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Why can’t you bike over the Bay Bridge into downtown San Francisco?

A cyclist exits the Bay Bridge bike lane onto Yerba Buena Island on Monday. | Source: Jeremy Chen/The Standard

When hundreds of cyclists took over the lower deck of the Bay Bridge’s western span in early August, it was a guerrilla action that interrupted the flow of vehicular traffic for about half an hour. As a group ride, it surely gave everyone an illicit thrill. But as a protest, it was intended to highlight a missing piece of the Bay Area’s transportation network. 

It’s possible to pedal or hoof it the three miles or so from Oakland to Yerba Buena Island, in the middle of the bay. But in order to get to San Francisco from there, you have to thumb a lift, take the semi-frequent 25-Treasure Island bus or ride on a beautiful but even-less-frequent ferry. Ten years after the Bay Bridge’s eastern span opened, why does the traffic-clogged region still lack a direct way to bike and walk across the bay?

The answer to that question contains a financial component—unsurprisingly, it’s an expensive proposition—and an engineering component. Keep in mind that what we refer to as the “Bay Bridge” is actually a complex of two separate bridges connected by a tunnel. 

Safe Street Rebel, a militantly anti-car Twitter account that commented extensively on the Aug. 6 ride, responded candidly to The Standard’s inquiry: The eastern span included a bike path when it was rebuilt, but the western span only got a seismic upgrade.

“There are options: Pay $500 million for a new bike path hanging off the side or take a lane away from cars like they did on the Richmond Bridge,” the anonymous rebel said. “Both are politically difficult.”

Indeed, taking a lane away from cars can be an unpopular move, even in a region that bills itself as committed to transportation alternatives. The Metropolitan Transportation Commission, which oversees the Bay Bridge, has been committed to a bike lane along the western span—one that’s cantilevered over the north-facing side, where the better views are.

A 2.2-Mile Path Into the Sky

In planning documents, the “Bay Skyway” appears to be almost an inevitability, developing organically out of Treasure Island’s anticipated population boom and the rise of e-bikes and other forms of mobility. But its future seems clouded, as if a Magic 8 Ball returned only long-winded replies in bureaucratic jargon.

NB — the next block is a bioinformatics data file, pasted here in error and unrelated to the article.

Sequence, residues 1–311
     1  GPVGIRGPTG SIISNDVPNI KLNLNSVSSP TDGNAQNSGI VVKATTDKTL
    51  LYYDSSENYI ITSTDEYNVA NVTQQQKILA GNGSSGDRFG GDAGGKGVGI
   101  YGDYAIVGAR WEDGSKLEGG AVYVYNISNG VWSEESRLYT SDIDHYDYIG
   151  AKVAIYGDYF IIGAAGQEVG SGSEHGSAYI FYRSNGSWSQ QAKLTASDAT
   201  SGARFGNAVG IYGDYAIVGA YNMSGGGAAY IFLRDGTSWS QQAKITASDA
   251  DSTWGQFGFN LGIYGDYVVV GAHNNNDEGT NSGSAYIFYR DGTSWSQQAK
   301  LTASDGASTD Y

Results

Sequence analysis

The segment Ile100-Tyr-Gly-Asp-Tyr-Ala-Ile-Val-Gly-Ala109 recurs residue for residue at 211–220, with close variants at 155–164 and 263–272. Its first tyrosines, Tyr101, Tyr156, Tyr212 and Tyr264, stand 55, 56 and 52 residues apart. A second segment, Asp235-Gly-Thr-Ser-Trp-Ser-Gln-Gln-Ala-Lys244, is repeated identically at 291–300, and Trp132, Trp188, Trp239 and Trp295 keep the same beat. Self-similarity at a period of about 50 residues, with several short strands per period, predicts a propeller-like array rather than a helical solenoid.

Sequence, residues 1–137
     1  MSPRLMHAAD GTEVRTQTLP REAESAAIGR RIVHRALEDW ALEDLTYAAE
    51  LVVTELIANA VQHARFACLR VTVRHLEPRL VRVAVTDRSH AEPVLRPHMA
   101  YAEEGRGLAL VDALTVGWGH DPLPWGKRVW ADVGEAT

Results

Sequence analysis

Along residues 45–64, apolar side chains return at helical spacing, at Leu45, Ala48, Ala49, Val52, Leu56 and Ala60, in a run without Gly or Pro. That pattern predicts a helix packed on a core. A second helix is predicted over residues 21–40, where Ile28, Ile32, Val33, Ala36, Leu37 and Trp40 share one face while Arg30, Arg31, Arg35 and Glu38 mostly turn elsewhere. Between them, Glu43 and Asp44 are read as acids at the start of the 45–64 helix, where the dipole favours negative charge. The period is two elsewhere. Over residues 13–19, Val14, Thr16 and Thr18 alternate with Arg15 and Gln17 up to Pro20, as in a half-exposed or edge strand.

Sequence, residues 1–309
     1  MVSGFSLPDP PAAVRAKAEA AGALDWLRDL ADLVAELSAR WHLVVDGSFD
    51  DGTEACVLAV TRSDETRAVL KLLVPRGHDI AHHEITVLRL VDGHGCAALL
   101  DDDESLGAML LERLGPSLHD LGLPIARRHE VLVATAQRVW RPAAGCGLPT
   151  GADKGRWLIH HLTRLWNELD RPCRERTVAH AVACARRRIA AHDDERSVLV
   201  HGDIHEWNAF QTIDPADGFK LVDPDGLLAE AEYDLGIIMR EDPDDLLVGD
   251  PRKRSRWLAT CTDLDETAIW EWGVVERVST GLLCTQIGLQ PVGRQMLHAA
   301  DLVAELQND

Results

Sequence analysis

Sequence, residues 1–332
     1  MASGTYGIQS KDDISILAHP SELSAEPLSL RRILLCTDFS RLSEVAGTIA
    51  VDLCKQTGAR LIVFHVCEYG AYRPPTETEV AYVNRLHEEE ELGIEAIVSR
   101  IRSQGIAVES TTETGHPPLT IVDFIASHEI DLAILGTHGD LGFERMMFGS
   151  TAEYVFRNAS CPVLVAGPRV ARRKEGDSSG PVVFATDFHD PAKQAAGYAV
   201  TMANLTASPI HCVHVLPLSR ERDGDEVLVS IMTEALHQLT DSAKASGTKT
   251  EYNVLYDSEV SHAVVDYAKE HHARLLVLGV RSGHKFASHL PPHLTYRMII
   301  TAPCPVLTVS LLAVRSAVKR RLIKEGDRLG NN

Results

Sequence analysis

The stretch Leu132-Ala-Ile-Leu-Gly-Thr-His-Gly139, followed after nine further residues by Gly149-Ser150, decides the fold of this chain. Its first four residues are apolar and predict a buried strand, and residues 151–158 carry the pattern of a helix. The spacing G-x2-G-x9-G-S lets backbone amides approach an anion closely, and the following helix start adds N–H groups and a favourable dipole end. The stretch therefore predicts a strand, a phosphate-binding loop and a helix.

For one, there’s the cost estimate.

“They put it in the range of $300 million in 2016 dollars, and then you had your 20% contingency and inflation, so it could be a half-billion dollar project,” said John Goodwin, spokesperson for the commission. “Which is not to minimize the design challenges, because they are myriad.”

The proposed "Bay Skyway" would cantilever over the north side of the bridge's western span for 2.2 miles, connecting Yerba Buena Island with San Francisco. | Source: Jeremy Chen/The Standard

Apart from grafting a 2.2-mile path onto the existing bridge, there are less-grandiose concerns, from Americans with Disabilities Act compliance and emergency access to simple maintenance. At 220 feet above the shipping channel, salty air loves to corrode paint and metal alike.

The other question is how to safely and cost-effectively get cyclists and pedestrians from the bridge deck to street level. On the eastern end, the roadbed touches down gracefully, with the bike path clearly signed and accessible near Emeryville Ikea. On the opposite side, you have Downtown San Francisco’s thicket of high-rises.

“Presumably, the path would follow the arc of the ramp that connects to the Transbay Transit Center,” Goodwin said. “There were other designs, with elevators and whatnot. All of them are feasible, but they’re not easy—and it’s a very windy location.” 

A cyclist bikes on the Bay Bridge bike lane on Aug. 14, 2023. | Source: Jeremy Chen/The Standard

Complexities aside, this project isn’t a planning pipe dream like, say, a BART line under Geary Boulevard. The next step, an environmental analysis, is expected to be complete by the end of next year, theoretically nudging state and local governments to start finding the money.

“Our most optimistic guess is that, if we can secure funding, the earliest possible opening date is 2030,” Goodwin said. 

Infrastructure projects aren’t known for punctuality, but advocates are tactfully biding their time. Noting that the Bay Skyway design—referred to as “the People’s Path”—was unveiled in 2018, the San Francisco Bicycle Coalition encouraged policymakers to put words into action.

“The SF Bicycle Coalition urges the [Bay Area] Toll Authority and its partners to secure funding and political support to implement the ‘People’s Path’ design so we can realize the vision of connecting the East Bay, Treasure Island, and San Francisco for people who bike, walk and use other forms of active transportation,” the coalition said in a statement.

At present, cyclists can ride over most of the other bridges that span the region’s various bays—most notably the Golden Gate, but also the humbler Dumbarton and Benicia-Martinez bridges. Pedaling from Downtown Oakland to Downtown San Francisco via Marin is a 40-mile ride that takes more than three hours, far more than even the most hardcore, Lycra-clad rider wants to commute. Today’s tricycle riders may end up cutting the Bay Skyway’s ribbon.

It is, indeed, a challenge. But as Goodwin put it: “There’s already a bridge there.”

Clarification: Safe Street Rebel said it did not help organize the Aug. 6 ride.

Astrid Kane can be reached at